Economic Impact Analysis of the Potential Erosion of Waikīkī Beach
A 2016 Update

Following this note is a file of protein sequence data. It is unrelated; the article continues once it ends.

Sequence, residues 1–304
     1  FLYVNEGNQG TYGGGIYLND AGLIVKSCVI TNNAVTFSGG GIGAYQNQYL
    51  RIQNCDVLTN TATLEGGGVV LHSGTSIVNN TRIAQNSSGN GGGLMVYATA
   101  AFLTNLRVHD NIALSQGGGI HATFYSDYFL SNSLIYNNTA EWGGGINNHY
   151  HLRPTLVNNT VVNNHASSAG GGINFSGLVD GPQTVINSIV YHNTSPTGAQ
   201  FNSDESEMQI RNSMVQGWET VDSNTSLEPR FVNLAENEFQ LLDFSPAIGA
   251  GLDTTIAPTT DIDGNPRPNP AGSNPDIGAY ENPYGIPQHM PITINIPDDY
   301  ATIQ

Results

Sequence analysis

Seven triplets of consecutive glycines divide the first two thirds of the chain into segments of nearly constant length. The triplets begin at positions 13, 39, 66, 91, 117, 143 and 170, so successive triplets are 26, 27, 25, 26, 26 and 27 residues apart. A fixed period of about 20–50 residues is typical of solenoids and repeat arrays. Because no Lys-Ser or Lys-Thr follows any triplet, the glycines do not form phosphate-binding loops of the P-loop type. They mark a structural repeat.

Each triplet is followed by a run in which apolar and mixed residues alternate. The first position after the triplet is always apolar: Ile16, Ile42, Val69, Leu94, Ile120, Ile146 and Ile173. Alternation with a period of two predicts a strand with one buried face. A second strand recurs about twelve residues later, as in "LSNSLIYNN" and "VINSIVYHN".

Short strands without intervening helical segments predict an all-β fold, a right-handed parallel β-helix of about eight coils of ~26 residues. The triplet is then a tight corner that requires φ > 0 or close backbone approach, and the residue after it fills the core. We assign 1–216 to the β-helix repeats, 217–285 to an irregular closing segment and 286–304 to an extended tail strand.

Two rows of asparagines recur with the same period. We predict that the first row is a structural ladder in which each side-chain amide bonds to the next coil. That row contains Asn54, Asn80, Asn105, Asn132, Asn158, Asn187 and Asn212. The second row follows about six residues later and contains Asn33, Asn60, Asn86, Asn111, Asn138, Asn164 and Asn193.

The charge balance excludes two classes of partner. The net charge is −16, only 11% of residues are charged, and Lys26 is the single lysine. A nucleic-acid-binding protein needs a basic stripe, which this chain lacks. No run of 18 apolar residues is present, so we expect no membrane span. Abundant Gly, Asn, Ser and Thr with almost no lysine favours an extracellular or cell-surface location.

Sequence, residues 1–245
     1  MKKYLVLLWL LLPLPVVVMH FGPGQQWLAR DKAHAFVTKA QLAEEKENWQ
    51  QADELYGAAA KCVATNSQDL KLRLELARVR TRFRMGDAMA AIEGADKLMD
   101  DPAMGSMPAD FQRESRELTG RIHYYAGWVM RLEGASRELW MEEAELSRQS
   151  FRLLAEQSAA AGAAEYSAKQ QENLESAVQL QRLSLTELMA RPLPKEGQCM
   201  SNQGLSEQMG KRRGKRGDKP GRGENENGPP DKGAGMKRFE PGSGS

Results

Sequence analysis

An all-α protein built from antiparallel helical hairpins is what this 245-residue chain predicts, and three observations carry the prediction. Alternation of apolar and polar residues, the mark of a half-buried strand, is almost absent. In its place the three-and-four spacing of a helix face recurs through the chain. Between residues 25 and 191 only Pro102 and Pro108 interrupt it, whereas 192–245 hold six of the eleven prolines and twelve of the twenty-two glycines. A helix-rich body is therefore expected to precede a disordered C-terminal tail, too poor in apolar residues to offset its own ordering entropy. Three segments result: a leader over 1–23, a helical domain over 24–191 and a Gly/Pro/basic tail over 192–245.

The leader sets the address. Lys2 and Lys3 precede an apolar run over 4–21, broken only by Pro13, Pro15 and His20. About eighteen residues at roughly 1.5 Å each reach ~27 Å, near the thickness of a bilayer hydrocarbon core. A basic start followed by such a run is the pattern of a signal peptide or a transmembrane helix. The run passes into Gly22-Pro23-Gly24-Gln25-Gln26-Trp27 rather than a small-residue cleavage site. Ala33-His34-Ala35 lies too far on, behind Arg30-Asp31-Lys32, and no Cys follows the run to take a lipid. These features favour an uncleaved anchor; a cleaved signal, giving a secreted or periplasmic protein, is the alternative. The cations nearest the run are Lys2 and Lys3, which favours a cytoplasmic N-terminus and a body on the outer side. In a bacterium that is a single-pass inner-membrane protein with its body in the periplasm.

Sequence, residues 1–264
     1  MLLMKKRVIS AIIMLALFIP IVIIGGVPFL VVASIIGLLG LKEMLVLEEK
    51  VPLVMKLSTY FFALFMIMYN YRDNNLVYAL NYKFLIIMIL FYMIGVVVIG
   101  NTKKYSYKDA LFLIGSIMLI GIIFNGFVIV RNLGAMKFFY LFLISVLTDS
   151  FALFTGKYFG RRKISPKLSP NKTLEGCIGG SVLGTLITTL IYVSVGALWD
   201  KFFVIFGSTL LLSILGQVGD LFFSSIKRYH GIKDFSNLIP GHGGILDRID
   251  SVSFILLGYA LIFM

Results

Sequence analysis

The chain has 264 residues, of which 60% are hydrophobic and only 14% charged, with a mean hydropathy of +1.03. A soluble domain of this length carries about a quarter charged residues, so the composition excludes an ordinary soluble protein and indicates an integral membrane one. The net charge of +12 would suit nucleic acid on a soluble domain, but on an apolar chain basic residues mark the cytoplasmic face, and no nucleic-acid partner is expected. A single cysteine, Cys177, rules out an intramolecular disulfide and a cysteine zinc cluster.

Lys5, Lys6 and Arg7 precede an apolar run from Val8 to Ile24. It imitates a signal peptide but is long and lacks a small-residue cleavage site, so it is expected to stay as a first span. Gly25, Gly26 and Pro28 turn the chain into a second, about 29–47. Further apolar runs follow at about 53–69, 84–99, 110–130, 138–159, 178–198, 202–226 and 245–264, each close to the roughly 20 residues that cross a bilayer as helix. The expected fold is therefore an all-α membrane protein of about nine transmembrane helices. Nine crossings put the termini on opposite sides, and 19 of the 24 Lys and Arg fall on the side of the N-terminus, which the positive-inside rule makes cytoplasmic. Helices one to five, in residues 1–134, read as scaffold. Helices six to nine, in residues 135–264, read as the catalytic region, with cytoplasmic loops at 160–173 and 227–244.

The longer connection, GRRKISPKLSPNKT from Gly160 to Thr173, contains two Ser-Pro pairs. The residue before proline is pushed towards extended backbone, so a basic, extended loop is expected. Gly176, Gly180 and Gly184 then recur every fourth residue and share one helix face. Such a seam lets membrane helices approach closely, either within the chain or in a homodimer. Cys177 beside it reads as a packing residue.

This report provides an update to a 2008 report on the value of Waikīkī Beach using 2016 economic and visitor arrival data. Hospitality Advisor’s 2008 report concludes that just under $2 billion (2007 U.S. dollars) in overall visitor expenditures could be lost annually due to a complete erosion of Waikīkī Beach. The 2008 report investigated the economic impact of the erosion of Waikīkī Beach through visitor surveys and analysis of data provided by the Hawai‘i Department of Business, Economic Development and Tourism, Hawai‘i Tourism Authority, and Smith Travel Research. This report updates the economic impact estimates with the most recent set of complete tourism data available for 2016. The estimated potential loss in spending and revenue increased slightly to $2.22 billion in 2016 (about a 1.4% decrease from 2007 after adjustment for inflation). While the total number of O‘ahu visitors increased by 18.5% between 2007 and 2016, the rate of change differs among visitors from different parts of the world, whose spending patterns and likelihood to revisit Waikīkī after complete beach erosion varies. The average daily rate for hotel accommodation increased by 15.0%, but the average daily expenditure per visitor decreased by 6.2% between 2007 and 2016 (daily expenditures outside hotels decreased by more than 16%). O‘ahu, in particular, has many new visitors, but on average these visitors spend less than the visitors to the neighbor islands do. These factors together explain the 1.4% reduction in the estimated economic impact of the erosion of Waikīkī Beach between 2007 and 2016 when adjusted for inflation.